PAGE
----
2. The word ‘lever’ is used about the standards. What does this mean? Levers involve the use of force and the location of a fulcrum. That does not sound too pleasant when applied to people and since Ralph Tabberer is always saying that the TDA is a ‘people business’ it probably refers to the system. For the leader of CPD this means the drafting of a CPD policy that, among other things, uses the standards as part of the process of teaching and learning reviews. In other words, the standards are intended to help make CPD happen both for individuals and for the school.
Clearly, however, we need to develop some idea of how this will work. Will measuring performance or development, for example, be part of the process? And does ‘performance’ only mean exam results?
3. What is ‘intelligent demand’ and what has it got to do with the new standards? Yes, it is a funny phrase being used a lot now by the TDA, which decided some time ago that the way to get more people involved in CPD is to stimulate demand. Not easy this, since government removed the earmarking of large amounts of money for CPD. The money is still in schools but being partly spent on other things so possibly intelligent demand is a way of getting schools and their workforces to realise that in order to meet the requirements of the standards, let alone the self-evaluation form (SEF) and other initiatives, resource must be provided for CPD from within schools.
Of course there are other demands for resource. My guess is that intelligent demand will eventually include a better understanding of how CPD can be incorporated into ordinary professional life rather than simply separated out as a set of events. That does not mean that it should be done on the cheap!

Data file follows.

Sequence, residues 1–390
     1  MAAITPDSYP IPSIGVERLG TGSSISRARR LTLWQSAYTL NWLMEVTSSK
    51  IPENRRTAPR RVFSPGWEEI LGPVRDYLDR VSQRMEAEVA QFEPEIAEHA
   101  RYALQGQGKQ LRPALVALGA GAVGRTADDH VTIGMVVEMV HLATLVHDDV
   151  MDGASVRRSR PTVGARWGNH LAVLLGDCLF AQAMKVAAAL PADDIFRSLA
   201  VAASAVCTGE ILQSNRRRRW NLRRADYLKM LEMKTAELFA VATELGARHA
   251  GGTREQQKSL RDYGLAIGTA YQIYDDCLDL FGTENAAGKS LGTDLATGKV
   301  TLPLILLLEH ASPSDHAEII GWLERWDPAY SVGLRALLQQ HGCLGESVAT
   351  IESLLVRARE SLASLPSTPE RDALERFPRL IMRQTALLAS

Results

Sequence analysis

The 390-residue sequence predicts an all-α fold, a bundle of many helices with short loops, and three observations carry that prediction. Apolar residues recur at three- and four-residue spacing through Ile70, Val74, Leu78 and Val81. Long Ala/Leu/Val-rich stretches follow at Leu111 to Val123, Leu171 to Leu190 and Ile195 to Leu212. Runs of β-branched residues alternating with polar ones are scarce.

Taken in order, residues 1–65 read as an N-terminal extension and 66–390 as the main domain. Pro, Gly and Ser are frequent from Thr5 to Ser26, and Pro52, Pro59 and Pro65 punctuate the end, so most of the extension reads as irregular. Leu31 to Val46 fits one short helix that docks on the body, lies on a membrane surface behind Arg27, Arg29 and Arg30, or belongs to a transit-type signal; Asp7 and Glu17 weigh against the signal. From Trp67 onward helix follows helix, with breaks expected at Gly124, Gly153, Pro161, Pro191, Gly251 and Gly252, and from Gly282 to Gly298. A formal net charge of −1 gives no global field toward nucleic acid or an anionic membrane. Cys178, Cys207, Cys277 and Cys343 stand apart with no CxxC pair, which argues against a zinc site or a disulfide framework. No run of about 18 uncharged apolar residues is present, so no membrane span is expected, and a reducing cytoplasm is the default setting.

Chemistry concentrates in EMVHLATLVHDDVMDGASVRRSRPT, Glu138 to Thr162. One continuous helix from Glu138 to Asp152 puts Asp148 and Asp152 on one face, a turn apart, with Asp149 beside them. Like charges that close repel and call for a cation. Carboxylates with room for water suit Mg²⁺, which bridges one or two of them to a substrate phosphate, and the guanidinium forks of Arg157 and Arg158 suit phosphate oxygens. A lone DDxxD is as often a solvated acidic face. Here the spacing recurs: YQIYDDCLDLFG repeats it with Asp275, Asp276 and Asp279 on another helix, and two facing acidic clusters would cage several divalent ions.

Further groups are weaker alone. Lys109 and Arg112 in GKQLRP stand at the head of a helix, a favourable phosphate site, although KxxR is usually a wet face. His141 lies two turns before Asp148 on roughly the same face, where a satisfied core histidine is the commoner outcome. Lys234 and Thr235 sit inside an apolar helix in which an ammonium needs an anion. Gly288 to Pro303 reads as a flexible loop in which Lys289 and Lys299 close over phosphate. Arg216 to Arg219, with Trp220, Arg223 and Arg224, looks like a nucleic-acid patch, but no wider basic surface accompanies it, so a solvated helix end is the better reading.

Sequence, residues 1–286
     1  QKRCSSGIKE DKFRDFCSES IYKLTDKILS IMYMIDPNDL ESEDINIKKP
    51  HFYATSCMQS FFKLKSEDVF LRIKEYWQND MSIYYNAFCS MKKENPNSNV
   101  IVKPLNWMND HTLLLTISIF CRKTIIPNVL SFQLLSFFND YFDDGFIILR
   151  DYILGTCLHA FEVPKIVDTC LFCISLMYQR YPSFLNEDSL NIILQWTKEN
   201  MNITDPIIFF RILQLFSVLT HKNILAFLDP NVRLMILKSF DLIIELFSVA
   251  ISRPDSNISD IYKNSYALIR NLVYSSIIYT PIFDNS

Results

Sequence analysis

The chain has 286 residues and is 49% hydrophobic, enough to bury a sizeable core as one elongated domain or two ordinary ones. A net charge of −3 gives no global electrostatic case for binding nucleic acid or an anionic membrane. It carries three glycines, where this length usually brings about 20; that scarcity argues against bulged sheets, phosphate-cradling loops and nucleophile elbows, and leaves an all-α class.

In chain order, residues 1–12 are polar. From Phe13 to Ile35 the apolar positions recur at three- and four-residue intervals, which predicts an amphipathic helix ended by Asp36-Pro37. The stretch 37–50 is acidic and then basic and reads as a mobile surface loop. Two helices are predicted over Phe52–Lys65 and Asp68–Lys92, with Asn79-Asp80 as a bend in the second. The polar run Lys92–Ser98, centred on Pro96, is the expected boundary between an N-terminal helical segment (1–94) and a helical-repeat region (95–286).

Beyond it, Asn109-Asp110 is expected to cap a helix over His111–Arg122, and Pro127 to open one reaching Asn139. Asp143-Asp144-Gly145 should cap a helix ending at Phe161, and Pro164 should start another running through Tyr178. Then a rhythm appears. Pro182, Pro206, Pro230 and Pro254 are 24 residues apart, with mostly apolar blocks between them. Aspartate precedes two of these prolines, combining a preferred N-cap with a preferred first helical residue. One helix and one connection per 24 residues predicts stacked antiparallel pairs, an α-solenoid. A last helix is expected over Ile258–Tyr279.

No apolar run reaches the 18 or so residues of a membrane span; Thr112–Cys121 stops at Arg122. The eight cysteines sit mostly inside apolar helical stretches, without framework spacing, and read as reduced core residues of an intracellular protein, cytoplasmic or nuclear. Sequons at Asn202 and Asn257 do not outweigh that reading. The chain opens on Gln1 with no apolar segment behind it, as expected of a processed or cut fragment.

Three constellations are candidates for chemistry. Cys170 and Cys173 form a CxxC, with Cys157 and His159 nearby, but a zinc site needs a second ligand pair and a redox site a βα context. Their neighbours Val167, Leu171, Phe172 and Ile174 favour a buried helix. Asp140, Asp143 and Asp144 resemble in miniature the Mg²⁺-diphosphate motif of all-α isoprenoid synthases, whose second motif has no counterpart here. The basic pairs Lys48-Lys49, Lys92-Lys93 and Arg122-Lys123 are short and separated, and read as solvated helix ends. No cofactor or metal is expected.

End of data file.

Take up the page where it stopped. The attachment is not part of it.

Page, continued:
4. Will teaching and learning reviews simply establish a quick and simplistic list of wants and desires masquerading as properly thought-through professional learning needs? Will they take account of changing needs and changing understanding of them? We are waiting for more information on teaching and learning reviews but we do know that establishing professional needs is not always straightforward. There are a lot of things to take into account, such as the balance of individual professional needs with those that emerge from school or government policy. Clearly a blend of institutional and individual needs will be sensible.
Another crucial aspect of analysing needs is that the individual can set themselves up for failure if they have not addressed the question of how much power they have to affect the outcomes of plans for professional learning. In order to see the exercise called Relating Professional Needs to Professional Impact look at Leading and Coordinating CPD in Secondary Schools, (details opposite). Look, in particular, at pages 82 and 93 of the pdf. You will also see there in earlier pages much of the guidance available to people charged with building the capacity of a school for systematic, sustained professional learning. The exercise featured in some back issues of CPD Update. You can also email me at the address on the back of this issue to be sent your own copy.